Monday 23 September 2019

With UK's exit, we'll be one of just nine net contributors to EU

The European Commission in Brussels
The European Commission in Brussels

Shona Murrray

The European Commission's opening shot for negotiations on the next EU budget calls for a bigger cash injection in spite of a smaller and less wealthier EU after Brexit.

The so-called Multiannual Financial Framework (MFF), would see an increase in "commitments" by the remaining 27 member states to €1.27 trillion.

This is in spite of the fact that the bloc will be reduced by one member state - a net contributor - but with a population of 65 million, punching a budget hole of around €12bn.

The increase relates to a 10pc increase in commitment for member states.

Ireland is also now a net contributor state - one of nine only - and its total budget contribution will translate into 1.11pc of the gross national income (GNI).

The MFF negotiations trigger the start of the hardest-fought deliberations of EU members; highlighting the conflicting interests and requirements of different economies.

It lays bare the profound difference and priorities among certain governments.

In his speech to the European Parliament in January, and nailing Ireland's colours to the mast - conscious of the difficult talks ahead - the Taoiseach said Ireland was willing to pay more in to the budget.

This was in spite of the reduced size of the bloc and our new-found position as a net contributor.

Part of our willingness to do so is undoubtedly influenced by our positioning as good Europeans who've gained significantly since joining in 1973. But crucially, the Government will be calling on all of its EU partners for a return on its investment - in the name of solidarity throughout the forthcoming Brexit slog.

Our European credentials have never been in question, but we're on board with the controversial ambition of European Commission President Jean-Claude Juncker and other federalists who believe that part of the remedy for Brexit is to accelerate the development of the single market, and invest deeper in the European project in order to enrich and develop trade opportunities.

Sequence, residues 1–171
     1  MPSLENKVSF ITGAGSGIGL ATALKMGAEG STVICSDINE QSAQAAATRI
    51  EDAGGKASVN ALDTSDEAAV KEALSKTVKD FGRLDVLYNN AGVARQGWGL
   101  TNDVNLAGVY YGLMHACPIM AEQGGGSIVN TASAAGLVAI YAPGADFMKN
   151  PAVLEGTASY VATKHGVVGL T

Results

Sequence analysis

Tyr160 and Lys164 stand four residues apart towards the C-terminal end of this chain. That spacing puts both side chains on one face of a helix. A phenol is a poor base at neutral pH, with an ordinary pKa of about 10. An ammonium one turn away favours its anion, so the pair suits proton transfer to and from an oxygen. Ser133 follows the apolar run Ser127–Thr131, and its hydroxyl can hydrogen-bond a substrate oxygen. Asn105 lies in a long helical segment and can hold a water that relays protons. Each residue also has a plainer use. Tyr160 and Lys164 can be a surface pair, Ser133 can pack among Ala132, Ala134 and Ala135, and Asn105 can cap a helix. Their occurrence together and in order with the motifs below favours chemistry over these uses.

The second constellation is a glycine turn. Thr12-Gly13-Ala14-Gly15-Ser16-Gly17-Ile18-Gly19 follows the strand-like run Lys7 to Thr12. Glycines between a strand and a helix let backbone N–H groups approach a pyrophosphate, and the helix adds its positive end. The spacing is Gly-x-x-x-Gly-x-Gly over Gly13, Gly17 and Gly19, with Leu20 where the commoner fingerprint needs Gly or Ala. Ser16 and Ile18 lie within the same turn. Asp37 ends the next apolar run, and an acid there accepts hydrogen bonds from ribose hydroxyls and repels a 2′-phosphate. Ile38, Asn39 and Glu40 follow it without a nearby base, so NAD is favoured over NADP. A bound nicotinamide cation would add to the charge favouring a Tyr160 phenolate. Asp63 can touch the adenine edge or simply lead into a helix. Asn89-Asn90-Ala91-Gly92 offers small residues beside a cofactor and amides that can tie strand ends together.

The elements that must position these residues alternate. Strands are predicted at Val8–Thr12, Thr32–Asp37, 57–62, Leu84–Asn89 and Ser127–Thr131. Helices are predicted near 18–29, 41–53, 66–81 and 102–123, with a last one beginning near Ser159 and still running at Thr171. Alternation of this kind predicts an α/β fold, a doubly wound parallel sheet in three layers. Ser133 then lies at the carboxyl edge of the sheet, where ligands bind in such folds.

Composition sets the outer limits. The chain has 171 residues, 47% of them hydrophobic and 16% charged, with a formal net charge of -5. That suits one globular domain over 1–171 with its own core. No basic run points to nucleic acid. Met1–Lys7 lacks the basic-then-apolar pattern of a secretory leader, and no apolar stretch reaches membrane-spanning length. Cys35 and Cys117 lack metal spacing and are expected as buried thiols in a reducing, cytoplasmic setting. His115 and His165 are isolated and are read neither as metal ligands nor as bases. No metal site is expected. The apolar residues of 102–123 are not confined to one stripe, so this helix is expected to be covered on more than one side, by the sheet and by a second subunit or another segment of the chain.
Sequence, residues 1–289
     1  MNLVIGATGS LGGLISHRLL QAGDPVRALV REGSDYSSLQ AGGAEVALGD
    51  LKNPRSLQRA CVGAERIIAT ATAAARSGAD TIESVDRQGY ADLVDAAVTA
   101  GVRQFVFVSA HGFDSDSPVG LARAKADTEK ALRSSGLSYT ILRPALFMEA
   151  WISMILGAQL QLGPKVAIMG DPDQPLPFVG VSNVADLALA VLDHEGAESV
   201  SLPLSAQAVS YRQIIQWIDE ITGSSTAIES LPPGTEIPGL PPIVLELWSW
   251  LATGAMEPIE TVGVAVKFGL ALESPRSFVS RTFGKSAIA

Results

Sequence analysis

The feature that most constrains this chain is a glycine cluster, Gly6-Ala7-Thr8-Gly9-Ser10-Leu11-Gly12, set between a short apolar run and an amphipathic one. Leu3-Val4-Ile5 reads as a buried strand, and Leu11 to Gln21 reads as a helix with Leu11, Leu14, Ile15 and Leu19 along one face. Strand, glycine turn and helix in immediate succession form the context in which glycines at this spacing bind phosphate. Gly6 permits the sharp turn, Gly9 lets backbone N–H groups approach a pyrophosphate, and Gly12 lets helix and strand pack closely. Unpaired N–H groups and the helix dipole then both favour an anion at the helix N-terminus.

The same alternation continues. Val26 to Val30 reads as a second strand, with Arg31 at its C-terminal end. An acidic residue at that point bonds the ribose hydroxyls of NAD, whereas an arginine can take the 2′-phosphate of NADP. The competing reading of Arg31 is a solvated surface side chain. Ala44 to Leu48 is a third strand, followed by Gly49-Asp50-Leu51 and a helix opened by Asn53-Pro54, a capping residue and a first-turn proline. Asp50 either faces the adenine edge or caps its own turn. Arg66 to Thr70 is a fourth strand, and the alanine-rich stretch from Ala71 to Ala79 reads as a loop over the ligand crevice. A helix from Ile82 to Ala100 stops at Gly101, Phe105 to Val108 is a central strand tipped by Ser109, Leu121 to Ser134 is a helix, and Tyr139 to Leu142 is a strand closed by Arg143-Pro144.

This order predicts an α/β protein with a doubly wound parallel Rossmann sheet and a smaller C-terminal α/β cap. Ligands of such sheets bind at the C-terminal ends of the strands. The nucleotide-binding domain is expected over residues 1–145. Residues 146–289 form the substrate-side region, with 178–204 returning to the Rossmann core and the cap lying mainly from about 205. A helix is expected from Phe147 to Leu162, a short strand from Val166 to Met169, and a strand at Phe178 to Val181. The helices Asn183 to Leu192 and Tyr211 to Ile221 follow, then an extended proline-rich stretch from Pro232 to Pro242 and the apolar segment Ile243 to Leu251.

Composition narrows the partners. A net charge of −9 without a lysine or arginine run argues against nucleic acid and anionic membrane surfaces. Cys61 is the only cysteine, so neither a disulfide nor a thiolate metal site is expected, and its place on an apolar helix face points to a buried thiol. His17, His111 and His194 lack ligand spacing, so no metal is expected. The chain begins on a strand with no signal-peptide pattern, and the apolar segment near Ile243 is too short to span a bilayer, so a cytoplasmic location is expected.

"The new budget framework will decide the future of our Europe of 27 and will determine our legacy to forthcoming generations," said Mr Juncker. "The level of the budget is not without consequence. It is directly linked to our ambitions."

The budget must be agreed unanimously by all member states. Already countries like Austria, the Netherlands and Denmark have hit out at Mr Juncker's apparent lack of restraint which bypassed the agreed cap of 1pc of GNI for member states.

He has added funding for new areas of focus for Brussels such as security and defence and migration. Mr Juncker's demands for more money for Brussels threaten to disrupt the remarkable period of strength and unity which followed Britain's Brexit vote.

It's worrying for Ireland, but opportune for hard-line Brexiteers as they can point to Brussels' intransigence and unyielding tendency to be always 'on the take'.

In one example of how fraught the budget negotiations will be, Dutch Prime Minister Mark Rutte hit out at the distribution of funding, saying "the costs of funding the budget are not shared fairly".

Brexit is already set to hit the Netherlands' economy hard. While Ireland will pay more, it may translate that we have stronger clout over how the money is spent; ensuring certain projects which suit our economy and demographic are protected.

Cohesion funds which support badly needed infrastructure and Erasmus, as well as Brexit-specific adjustment funding will likely form part of Irish demands.

Irish Independent

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